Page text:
This phase began around March and lasted until November 2004.
Overall: Al-Qaeda in Iraq took command of a decentralized insurgency. Sunni Tribes, former Ba’athists and indigenous Salafis launched a major attack against US forces from the Sunni Triangle. Insurgent forces captured a number of cities and posed a worse threat to the US than any other insurgent period.
-First few months of 2004 were relatively calm following the defeat of the Ba’athist insurgency.
-Izzat Ibrahim ad-Douri took over command of the Ba’ath Party following Saddam Hussein’s capture. He tried to govern from Syria, as far as we know, but the resistance movements splintered into a number of smaller self-led groups. The Ba’athist insurgency collapsed.
-Gen. Petraeus began the training of Iraqi Security Forces. Force strength increased from essentially 0 to over 100,000 by the end of the year.
-Abu Musab al-Zarqawi takes command of Al-Qaeda in Iraq and organizes a confederacy of decentralized tribes and insurgent organizations.
Zarqawi creates a population-based Sunni Insurgency between March and Dember of 2004.
- Asymmetrical tactics. Car Bombs, Suicide Bombers, IED mines.
- Very large military deployments of 1,000 – 5,000 insurgents to capture and hold territory
- Passive logistical support from Sunni population
- Al-Qaeda attacked Shia pilgrimages and shrines
- Insurgents captured and defended Fallujah, Ramadi and other cities
The insurgency needed supplies. Their logistical lines in the Sunni Triangle relied on trade routes along the Tigris and Euphrates River. Syria provided material support for Sunni insurgency. Without steady supplies, the insurgency would fragment and grow weaker.
Battle of the Tigris River: The Kurds and Americans held the city of Mosul and intecepted traffic moving down the Tigris River. This helped pacify the Ninawa and Saladin Provinces. Sunni Insurgents attempted to contest and capture Mosul but failed. Tigris is relatively secured as a result.
The US largely won the battles along the Tigris and prevented major insurgent operations.
Battle of the Euphrates River: US forces could not stop the flow of traffic from Syria through the Anbar Province. Insurgent supplies passed through the border through the cities of Al Qa’im, Al Hadithah, Hit, Ramadi, and Al Fallujah to the suburbs of Baghdad.
This provides a “highway” to Baghdad. Car Bombs could be produced for $100k and sent to Baghdad to strike civilian targets. Other Insurgent Forces concentrated their efforts at capturing and holding these critical cities in Anbar.
Insurgent Forces concentrated in Fallujah and made it the primary base of operations for offenses against Baghdad. Insurgent Forces numbered an estimated 5,000 fighters – mostly locals. They were supported by other elements of the population, probably numbering in the tens of thousands. Other large 1,000 plus-sized forces occupied other critical cities in Anbar.
Flaws in Sunni Strategy
-Zarqawi’s attacks on Shia pilgrims prevented an alliance of Shia-Sunni Insurgent Forces that would have overthrown the US Provisional Government.
-Foreign Islamist leaders quickly abandoned Sunni Tribes and local fighters in key battles.
-Islamists, domestic and foreign, attacked Iraqi Civilians. Sunni Tribes and ex-Ba’athists disapproved of these tactics, causing friction between insurgents.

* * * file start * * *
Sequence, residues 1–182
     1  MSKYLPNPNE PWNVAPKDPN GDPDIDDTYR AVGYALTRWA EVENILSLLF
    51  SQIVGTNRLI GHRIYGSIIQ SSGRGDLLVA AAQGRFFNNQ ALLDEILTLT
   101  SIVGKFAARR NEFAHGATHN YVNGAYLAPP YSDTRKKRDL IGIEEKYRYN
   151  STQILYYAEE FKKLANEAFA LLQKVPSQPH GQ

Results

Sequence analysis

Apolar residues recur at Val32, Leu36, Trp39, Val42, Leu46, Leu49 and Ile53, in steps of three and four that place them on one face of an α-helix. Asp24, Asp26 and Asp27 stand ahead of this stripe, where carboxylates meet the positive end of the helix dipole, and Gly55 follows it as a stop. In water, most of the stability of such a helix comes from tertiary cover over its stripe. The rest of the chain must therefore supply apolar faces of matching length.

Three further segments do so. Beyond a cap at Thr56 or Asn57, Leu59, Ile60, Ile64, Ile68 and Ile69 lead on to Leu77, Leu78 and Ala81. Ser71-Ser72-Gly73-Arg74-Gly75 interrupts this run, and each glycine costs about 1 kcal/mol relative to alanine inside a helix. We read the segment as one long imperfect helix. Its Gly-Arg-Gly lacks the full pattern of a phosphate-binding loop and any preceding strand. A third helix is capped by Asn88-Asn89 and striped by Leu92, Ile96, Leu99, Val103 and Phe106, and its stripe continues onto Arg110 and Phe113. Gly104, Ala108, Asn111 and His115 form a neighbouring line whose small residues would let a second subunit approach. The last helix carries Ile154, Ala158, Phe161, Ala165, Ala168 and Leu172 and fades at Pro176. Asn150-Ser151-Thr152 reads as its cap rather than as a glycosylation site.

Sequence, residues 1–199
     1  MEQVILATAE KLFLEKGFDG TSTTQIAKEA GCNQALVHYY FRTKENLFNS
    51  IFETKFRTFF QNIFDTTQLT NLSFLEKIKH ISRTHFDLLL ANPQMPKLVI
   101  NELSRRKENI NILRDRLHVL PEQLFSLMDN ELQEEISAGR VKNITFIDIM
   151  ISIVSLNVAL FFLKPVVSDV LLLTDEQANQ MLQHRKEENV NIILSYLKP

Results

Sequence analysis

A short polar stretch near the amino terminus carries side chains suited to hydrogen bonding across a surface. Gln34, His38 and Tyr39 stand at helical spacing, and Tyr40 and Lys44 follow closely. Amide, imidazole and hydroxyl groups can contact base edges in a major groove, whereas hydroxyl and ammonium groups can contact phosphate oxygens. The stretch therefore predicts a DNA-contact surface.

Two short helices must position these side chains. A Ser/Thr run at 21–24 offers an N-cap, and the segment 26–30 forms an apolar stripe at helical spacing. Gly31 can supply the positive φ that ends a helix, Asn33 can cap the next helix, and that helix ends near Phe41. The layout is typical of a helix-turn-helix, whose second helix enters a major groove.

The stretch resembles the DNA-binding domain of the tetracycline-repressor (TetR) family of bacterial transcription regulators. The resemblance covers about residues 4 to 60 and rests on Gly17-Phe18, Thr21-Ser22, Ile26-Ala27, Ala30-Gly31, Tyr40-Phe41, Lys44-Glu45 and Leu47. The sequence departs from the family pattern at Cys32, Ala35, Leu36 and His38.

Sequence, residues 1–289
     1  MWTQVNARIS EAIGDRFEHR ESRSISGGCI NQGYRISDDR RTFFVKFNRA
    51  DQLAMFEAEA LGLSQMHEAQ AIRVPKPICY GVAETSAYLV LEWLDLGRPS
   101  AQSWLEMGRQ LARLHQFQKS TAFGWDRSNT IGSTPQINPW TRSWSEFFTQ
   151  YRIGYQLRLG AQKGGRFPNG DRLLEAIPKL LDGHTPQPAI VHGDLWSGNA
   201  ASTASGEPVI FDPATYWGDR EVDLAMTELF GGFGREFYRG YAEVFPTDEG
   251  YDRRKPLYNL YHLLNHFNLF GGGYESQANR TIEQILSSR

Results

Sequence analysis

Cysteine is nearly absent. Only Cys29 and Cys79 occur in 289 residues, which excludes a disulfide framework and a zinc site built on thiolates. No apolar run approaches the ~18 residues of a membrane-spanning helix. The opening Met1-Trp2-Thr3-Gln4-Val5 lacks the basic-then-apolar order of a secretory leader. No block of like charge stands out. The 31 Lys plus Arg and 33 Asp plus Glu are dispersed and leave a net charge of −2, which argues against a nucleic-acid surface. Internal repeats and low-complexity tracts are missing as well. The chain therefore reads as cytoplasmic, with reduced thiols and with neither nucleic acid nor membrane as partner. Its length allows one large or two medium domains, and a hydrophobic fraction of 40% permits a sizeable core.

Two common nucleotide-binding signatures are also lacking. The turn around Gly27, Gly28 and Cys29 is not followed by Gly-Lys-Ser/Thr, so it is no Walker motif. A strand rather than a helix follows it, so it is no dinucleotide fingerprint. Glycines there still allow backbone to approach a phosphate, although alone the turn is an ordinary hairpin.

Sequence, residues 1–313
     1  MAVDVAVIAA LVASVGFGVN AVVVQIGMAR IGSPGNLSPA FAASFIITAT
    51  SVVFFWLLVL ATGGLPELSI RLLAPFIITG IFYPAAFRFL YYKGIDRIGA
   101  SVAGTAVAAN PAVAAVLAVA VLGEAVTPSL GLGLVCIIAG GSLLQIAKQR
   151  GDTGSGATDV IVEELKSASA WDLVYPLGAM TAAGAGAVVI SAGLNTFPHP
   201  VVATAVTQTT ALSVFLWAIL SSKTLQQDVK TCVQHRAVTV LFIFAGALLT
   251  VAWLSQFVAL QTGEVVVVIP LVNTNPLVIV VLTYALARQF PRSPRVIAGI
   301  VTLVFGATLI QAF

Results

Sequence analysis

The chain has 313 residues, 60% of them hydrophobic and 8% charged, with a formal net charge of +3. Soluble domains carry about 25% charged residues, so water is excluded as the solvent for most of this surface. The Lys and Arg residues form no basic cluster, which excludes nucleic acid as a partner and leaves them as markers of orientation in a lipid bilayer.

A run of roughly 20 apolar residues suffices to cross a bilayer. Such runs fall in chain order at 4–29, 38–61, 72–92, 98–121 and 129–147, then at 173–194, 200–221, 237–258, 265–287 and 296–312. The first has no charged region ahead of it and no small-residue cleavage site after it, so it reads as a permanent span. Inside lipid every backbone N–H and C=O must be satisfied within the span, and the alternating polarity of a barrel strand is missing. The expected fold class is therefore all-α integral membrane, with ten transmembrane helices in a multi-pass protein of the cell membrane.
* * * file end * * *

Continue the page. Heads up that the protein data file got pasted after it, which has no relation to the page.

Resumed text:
-Sunni Insurgents attempted to use Urban Insurgency tactics to fend off US counter-attacks, similar to the Chechen Strategy against the Russians. When this failed, the Sunnis had no alternative plan.
-The US focused on Enemy-centric tactics to disrupt Insurgent Organizations and disrupt their supply-lines on the Euphrates
-The US trained Iraqi Police and Army units to “hold” and pacify territory after US forces cleared them.
-The US concentrated its forces and attacked Fallujah twice – in April and November of 2004.
-Operation Phantom Thunder captured Fallujah in November 2004 and broke the center of gravity of the Sunni Populist Insurgency.
-US Forces rapidly advanced up the Euphrates River, capturing Ramadi, Al Hadithah, and al Qa’im. US Forces attempted to seal the Syrian border to disrupt insurgent logistics.
Flaws in US Strategy
-Iraqi Security Forces were too weak and untrained to provide much assistance, nor could they hold territory.
-Enemy-centric tactics did not break the morale of Sunni Tribes. It only disrupted their material capabilities.
-The US did not respond to Syria’s open and obvious intervention in the war. Syria created a permanent and secure base of operations for Insurgent Forces outside of Iraq.
– US Forces defeated the populist insurgency in military terms. Insurgent Forces were scattered and leaderless in the first quarter of 2005.
-Insurgent Forces would never again organize into units larger than 100-200 men. Congregating 5,000 fighters in Fallujah proved too costly an error to repeat.
-The US was victorious at its most vulnerable moment. The Iraqi Government and Security Forces were not yet strongly established. The Population-based insurgency in Anbar Province failed to cause a nation-wide insurgency or to capture Baghdad.
American Forces defeated this insurgency and future insurgents would not pose such an existential threat to the new Iraqi Government. However, lack of a political victory in Anbar allowed a new resistance movement to form and begin a third insurgency.